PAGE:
as a solid black shape against a light background.
Shutter Release Button ::. The button that releases the shutter and ``fires'' the camera. Many shutter release buttons have two stages-slight pressure actuates the meter or auto focus system (or both), further pressure fires the shutter.
Shutter Priority ::. An auto exposure mode where the shutter speed is user-selected and the exposure system chooses an appropriate aperture for correct exposure.
Shutter Speed ::. An element of exposure; the duration of time in which light is allowed to strike the film.
SLR- (Single-Lens-Reflex) ::. A type of camera that has a movable mirror behind the lens and a ground glass for viewing the image. Film sits behind the mirror assembly, which swings out of the way when an exposure is made. "Single-lens" distinguishes it from TLR, or twin-lens-reflex cameras, where separate lenses are used for viewing and taking.
Slide ::. A positive image on a transparent film base, used for projection viewing, printing, or photomechanical reproduction.
Slow ::. A term used to describe a film with a relatively low sensitivity to light, a lens with a fairly narrow maximum aperture, or a shutter speed at or below 1/30 second.
Soft Focus ::. A picture, or an area in a picture that is left slightly out-of-focus for effect, or a lens or filter that diffuses light and "softens" the overall scene.
Spot Meter & Metering ::. Used to get accurate light readings of a small part of a subject. It uses a narrow angle of view to measure within limited areas. Some spot meters have coverage as broad as 8-degrees (this might also be called selective field metering) or, with a handheld spot meter, as narrow as 1-degree. Many incident meters now have spot metering options. Spot metering is always a reflected light reading, thus is subject to that type of meter's failures. Taking an exposure reading from a very select portion of the frame. Cameras with built-in spot metering indicate this portion with a circular ring in the viewfinder screen.
Stop ::. A relative measure of light that can be used to describe an aperture or shutter speed, although it is more commonly used with aperture settings. A difference of one stop indicates half or double the amount of light. To stop down means to narrow the aperture; to open up means to expand it.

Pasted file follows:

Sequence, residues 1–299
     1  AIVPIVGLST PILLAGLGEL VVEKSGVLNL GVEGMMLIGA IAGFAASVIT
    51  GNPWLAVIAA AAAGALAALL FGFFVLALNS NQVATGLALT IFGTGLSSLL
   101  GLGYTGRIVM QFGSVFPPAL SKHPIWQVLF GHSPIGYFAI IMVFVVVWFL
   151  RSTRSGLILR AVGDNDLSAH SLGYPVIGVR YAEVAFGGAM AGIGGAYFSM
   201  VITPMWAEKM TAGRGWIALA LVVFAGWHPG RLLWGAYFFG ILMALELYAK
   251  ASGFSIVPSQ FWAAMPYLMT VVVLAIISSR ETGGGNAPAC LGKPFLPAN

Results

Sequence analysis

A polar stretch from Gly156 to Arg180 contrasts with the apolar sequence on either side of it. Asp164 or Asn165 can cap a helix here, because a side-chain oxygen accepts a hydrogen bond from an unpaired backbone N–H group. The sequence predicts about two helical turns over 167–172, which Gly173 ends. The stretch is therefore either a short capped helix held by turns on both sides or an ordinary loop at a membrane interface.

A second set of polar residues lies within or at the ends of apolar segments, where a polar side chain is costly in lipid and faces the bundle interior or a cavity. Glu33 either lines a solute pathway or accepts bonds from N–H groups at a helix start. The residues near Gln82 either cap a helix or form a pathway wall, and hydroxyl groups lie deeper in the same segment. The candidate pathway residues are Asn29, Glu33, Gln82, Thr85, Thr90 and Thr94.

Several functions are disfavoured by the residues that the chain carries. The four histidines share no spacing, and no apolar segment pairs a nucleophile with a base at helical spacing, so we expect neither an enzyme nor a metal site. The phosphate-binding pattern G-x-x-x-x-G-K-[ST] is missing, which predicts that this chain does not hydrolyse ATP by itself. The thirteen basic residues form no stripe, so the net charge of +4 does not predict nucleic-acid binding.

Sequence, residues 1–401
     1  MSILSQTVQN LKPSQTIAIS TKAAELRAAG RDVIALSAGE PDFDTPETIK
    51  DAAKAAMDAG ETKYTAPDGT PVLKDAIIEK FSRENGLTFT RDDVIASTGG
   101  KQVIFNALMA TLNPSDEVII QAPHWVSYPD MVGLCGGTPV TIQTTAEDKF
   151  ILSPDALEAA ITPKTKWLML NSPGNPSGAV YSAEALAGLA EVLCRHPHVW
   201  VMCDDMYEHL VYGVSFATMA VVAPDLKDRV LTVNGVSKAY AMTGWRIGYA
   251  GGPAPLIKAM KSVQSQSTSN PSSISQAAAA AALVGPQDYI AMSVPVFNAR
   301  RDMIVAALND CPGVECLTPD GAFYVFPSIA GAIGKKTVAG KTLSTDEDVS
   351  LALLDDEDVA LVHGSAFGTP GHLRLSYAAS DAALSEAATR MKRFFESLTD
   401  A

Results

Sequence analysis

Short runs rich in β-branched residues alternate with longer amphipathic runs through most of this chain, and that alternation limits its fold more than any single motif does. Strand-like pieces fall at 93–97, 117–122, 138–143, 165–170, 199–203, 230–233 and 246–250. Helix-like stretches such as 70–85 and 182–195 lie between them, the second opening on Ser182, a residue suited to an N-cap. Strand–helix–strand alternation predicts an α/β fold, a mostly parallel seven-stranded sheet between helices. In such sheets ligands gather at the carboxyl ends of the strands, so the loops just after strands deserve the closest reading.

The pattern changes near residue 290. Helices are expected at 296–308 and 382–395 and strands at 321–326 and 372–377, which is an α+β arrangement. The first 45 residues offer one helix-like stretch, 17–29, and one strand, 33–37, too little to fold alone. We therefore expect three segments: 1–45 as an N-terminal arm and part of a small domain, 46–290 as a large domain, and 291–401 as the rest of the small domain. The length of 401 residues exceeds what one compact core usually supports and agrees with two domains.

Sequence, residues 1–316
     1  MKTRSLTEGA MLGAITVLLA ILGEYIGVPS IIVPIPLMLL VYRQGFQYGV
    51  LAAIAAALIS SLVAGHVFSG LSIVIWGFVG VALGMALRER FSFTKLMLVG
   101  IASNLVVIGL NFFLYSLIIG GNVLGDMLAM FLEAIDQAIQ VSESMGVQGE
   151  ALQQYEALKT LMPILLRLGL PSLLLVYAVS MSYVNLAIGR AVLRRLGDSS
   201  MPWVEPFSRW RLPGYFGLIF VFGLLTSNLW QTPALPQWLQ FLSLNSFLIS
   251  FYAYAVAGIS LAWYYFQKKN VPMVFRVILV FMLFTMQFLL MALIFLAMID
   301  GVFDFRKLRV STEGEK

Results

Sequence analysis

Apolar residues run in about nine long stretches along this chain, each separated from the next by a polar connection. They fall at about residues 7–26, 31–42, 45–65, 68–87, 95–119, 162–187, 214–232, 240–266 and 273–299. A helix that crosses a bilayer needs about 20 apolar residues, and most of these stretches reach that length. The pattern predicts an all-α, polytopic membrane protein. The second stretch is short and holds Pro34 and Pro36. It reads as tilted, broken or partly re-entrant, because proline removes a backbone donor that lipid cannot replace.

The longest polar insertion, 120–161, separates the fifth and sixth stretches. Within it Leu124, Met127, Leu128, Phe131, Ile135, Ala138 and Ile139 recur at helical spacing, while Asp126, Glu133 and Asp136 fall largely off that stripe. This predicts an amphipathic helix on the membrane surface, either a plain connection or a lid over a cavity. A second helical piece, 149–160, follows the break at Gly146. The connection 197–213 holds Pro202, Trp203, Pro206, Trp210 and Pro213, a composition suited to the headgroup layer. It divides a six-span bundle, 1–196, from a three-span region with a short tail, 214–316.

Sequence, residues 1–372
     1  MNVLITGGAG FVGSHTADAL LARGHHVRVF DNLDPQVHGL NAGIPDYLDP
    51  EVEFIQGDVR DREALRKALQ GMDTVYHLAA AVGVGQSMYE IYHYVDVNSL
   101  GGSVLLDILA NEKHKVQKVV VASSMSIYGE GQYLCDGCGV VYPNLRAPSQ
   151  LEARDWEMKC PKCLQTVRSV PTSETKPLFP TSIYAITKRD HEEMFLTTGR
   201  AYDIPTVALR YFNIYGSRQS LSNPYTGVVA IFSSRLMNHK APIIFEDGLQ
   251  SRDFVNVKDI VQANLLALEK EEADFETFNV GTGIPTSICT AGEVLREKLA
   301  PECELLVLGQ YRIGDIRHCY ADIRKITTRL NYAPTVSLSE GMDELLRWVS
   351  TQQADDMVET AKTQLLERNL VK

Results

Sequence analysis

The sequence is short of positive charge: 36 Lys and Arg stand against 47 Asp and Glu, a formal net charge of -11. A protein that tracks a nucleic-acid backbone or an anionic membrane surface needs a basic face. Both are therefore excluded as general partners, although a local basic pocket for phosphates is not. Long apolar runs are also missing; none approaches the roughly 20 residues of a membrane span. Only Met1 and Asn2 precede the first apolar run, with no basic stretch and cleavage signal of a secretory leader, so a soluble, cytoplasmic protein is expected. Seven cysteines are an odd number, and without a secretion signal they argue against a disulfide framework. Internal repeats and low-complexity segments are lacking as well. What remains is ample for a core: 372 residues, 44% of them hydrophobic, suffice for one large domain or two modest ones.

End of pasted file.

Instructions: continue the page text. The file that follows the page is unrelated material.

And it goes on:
Synchronization, or Sync ::. The timing of the firing of the flash to coincide with the opening of the shutter so that the maximum light from that flash records on the film.
Sandwiching ::. Combination of two or more negatives or film positives in the negative carrier or masking frame when printing or enlarging.
Sheet Film ::. Light-sensitive film that’s held in sheet film holders for use in large format cameras.
Shift Camera ::. A camera designed for architectural photography that has a wide angle lens mounted on a panel that moves up, down or sideways to correct perspective.
Telephoto ::. A generic name for a lens with a focal length of higher than 50mm and an angle of view less than 45 degrees (with 35mm format.) A moderate telephoto might be in the 80mm class; a medium telephoto in the 135mm grouping; while a long-range or extreme telephoto might have a 300mm or higher focal length.
T (Time Exposure) ::. Shutter speed setting used for timed exposures longer than the numbered settings. The shutter opens when the release is pressed and closes when it is pressed again. Now largely super ceded by B (Bulb).
Time Lapse Photography ::. Method of recording chemical and physical changes in a subject over a period of time by photographing it at regular intervals from the same viewpoint.
Tripod: A three-legged device with a platform or head for attaching the camera, used to steady the camera during exposure. It is most useful for exposures longer than 1/30 second, or when a constant framing must be maintained throughout a series of shots.
TTL ::. Abbreviation for "through-the-lens" as referring to a metering system in which a suitable light sensitive mechanism within the camera body measures exposure from the image light passing through the lens.
Type "C" Print ::. A general reference to color prints made from color negatives.
Type "R" Print ::. A general reference to color prints made from positive slides and transparencies. May refer to various direct-from-slide printing papers from Kodak and Fuji or others. Ilfochrome Classic printing can be considered a subset of Type "R" printing, but is usually referred to by name (or as Cibachrome) since its unique properties set it apart from other Type "R" processes.
Type A film ::. Color film balanced to artificial light sources at a color temperature of 3400K.
Type B film ::. Color film balanced to artificial light sources at a color temperature of 3200K.
Type D film ::. Obsolete term for film balanced for daylight.
Tele-Converter ::. A lens accessory that fits between the camera lens and body to increase the focal length by 1.4x, 1.7x or 2x.
Tungsten-Balanced ::. Film that it balanced to reproduce colors faithfully when exposed under artificial tungsten light sources.
UV Filter ::. A clear, colorless filter that stops most ultraviolet rays from recording on film. Handy for shooting distant landscape shots, as it eliminates the bluish haze that might otherwise veil the picture.
Variable Contrast ::. A type of black and white printing paper that when exposed under different color light yields different printing contrast grades.
Viewfinder ::. The viewing screen in an SLR on which composition takes place; viewfinders may also contain various guides to exposure, focus, and flash-readiness. In all senses, the control panel from work is done.
Wide-Angle Lens ::. A lens that offers a wide angle of view, usually in the 35 to 24mm focal length range. Ultra-wide-angle lenses usually range from 20mm to 8mm. Wide-angle lenses also allow use of very deep zones of focus.
Warm Colors ::. Are any colors which, by association, suggest warmth, such as red, orange and yellow.
Zone System ::. An exposure calculating system based upon pre-visualizing the scene as a set of tonal variations, and exposing and developing to maximum that tonal set.
Zoom Lens ::. A lens on which the focal length can be varied, as opposed to a fixed focal length lens. Zooms come in various focal length ranges, such as 35 to 105mm; all focal lengths including and within this range can be utilized.